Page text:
Creating Personal Connections in a Digital World

Creating Personal Connections in a Digital World

Over the last 20 years, advances in technology have affected nearly every aspect of our lives. Think about it. Two decades ago, VHS tapes were still popular. Now survey a group of millennials or Gen Z and most will look at you with puzzled faces. Our cell phones were limited to SMS and phone calls (or if you were lucky, a rousing game of snake) and now we can find the answer to almost any question in a matter of seconds on the supercomputers in our pockets. We had to wait a week to watch the next episode of our favorite TV show. Now we can binge an entire season in one weekend. We can purchase almost anything in the world with the click of a few buttons instead of driving to the store. Have I made myself seem old yet?

However, in the midst of all these advancements we started to lose something. The personal connection that is created when people interact face-to-face or even just talking on the phone. Sometimes those bonds aren’t necessary to make the sale. But many industries such as real estate, automobile, and most B2B services rely on those personal connections. The impression that you leave on a client can make all the difference in completing the sale. So, as the world continues to push toward an even more technologically reliant society, it’s important to begin building those personal connections digitally. Here are some tips to get started.

Segment your target market and tailor your messaging

All of your customers are not the same, so don’t treat them like it. Segment your target audience into a few categories with similar personalities, beliefs, or purchase behavior. Then tailor your messaging to each one separately. For example, let’s say that I am on a Chevy emailing list. If records show that I have only purchased trucks in the past, do you think I want to learn all about the new 2020 sedan? Probably not.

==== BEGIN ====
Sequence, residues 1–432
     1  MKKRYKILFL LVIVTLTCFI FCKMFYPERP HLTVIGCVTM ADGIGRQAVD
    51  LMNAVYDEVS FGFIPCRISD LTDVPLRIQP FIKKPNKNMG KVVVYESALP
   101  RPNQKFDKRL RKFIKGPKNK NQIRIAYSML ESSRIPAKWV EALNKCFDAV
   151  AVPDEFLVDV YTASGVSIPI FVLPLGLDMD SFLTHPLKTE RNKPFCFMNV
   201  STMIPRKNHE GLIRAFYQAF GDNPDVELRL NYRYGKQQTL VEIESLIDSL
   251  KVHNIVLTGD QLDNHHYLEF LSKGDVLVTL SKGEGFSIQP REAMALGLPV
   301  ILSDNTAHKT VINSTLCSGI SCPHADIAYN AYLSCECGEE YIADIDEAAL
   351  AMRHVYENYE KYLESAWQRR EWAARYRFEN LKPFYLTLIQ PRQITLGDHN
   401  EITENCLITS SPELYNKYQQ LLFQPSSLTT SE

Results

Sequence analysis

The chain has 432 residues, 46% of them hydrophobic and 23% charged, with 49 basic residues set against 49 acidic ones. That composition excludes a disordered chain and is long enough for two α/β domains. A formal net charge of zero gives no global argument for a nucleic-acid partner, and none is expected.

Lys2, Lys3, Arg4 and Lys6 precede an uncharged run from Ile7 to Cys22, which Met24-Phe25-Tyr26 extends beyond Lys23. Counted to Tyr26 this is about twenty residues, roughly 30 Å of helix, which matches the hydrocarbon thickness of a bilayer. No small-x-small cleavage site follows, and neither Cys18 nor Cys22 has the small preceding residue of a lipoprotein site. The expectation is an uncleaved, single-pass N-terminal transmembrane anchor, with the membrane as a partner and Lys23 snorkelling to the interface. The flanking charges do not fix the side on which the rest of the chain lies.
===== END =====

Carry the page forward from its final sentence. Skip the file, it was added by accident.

With an effectively segmented target market, you can tailor the benefits of your product to speak to each generation. Core values change over time. One generation may favor efficiency and money-saving messaging while another generation favors an environmentally-friendly message. Your message should resonate deeply with the people you are trying to connect with.

Have a personality

Every day there are millions of companies fighting for people’s attention on social media. In that sea of businesses using the same bland tone, it’s your job to stand out. Have a personality, tell a joke, post a picture of your sales team dressed up in dinosaur costumes chasing the human resources department. What is your newsfeed like now? I bet it’s something like, *political post* *COVID19 post* *political post* *fake news post* etc. So, what happens when you post that picture as your future customer is scrolling through everything else. It catches their attention, they laugh, they smile, they click like and maybe a share, and you’ve started creating a connection.

Funnel customers toward a face-to-face meeting

You can have a perfectly planned out digital marketing strategy, a glowing personality online, and brilliantly tailored messages but sometimes you need a smile, a real voice, and that face-to-face human interaction to make a customer. This is preferably done in-person but as many have learned during this COVID era, a video conference call is a close second. It enables you to put a face to your company and really demonstrate your expertise.

Understand that nearly all of your connections are going to begin in the digital realm. Before requesting that proposal, or more information they are going to look at your website or your social media, or both. The more effective you can begin that connection through digital outlets the more likely they will be to purchase from you. As a digital marketing agency, Decibel Blue has the knowledge and experience to help you build, refine, and implement a strategy to build those connections.

Carson Renstrom

Carson Renstrom brings a lifetime of experience in online and traditional marketing for his family’s catering business. After taking a break to serve in intelligence in the Naval Reserve and work in a nuclear submarine, he has recently returned to his marketing roots.

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